Difference between revisions of "Boot process and bootstrap configuration (AXEL ULite)"

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==Introduction==
 
==Introduction==
NXP iMX6UL processor implements a very flexible boot process. This versatility comes at the price of a non trivial bootstrap configuration scheme. Typical system-on-module (SOM for short) adopter does not want/need to deal with such complexity. In other words he/she expects to manage few - virtually none! - boot configuration issues because it is assumed they are handled by the SOM itself. Nevertheless, there are specific applications where the system integrator needs full control of all the bootstrap configuration options, even if the design is built upon a SOM.
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NXP iMX6UL processor implements a very flexible boot process. This versatility comes at the price of a non trivial bootstrap configuration scheme. Typical system-on-module (SOM for short) adopter does not want/need to deal with such complexity. In other words he/she expects to manage few boot configuration issues because it is assumed they are handled by the SOM itself. Nevertheless, there are specific applications where the system integrator needs full control of all the bootstrap configuration options, even if the design is built upon a SOM.
  
These two needs - ease of use and configurability - clearly push in opposite directions. During the conception of the product AXELULite, specific attention has been addressed to find a viable trade off to satisfy such requirements. This effort has led to the options that are detailed in the section [[#Options for AXELULite users]]. Before skipping to it, it is recommended to read the following section that depicts an overview of the processor's boot process. For more details about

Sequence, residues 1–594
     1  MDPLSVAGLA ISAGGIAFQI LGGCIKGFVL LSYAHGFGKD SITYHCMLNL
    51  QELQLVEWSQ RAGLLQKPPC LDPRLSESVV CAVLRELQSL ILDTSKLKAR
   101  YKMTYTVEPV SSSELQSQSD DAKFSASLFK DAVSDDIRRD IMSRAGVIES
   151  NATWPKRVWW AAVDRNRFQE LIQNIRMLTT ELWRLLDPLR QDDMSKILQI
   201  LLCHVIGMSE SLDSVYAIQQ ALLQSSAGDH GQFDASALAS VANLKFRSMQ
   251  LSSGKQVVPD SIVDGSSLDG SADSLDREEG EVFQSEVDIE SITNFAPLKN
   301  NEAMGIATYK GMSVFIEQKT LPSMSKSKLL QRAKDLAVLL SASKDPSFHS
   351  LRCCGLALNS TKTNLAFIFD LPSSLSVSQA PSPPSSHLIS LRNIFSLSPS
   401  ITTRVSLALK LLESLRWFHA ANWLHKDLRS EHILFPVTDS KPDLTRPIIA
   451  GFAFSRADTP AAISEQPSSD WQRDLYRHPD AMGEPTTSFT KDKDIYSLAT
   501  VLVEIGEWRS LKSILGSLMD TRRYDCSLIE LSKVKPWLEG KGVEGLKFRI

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These two needs - ease of use and configurability - clearly push in opposite directions. During the conception of the product AXELULite, specific attention has been addressed to find a viable trade off to satisfy such requirements. This effort has led to the options that are detailed in the section [[#Options for AXELULite users]]. Before skipping to it, it is recommended to read the following section that depicts an overview of the processor's boot process. For more details about it please refer to <ref name="IMX6ULRM">NXP i.MX 6UltraLite Applications Processor Reference Manual</ref>
  
 
==Overview of NXP iMX6UL bootstrap process==
 
==Overview of NXP iMX6UL bootstrap process==
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*eFUSE bits
 
*eFUSE bits
 
*GPIO settings.
 
*GPIO settings.
Generally speaking, thre
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Generally speaking, three main boot modes are supported. These modes are selected by BOOT_MODE signals that are latched when processor comes out of reset.
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{|class="wikitable" style="text-align: center;"
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|-
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!BOOT_MODE[1:0]
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!Boot type
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| 00||Boot from eFUSEs
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| 01||Serial downloader
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| 10||Internal boot
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| 11||reserved
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|}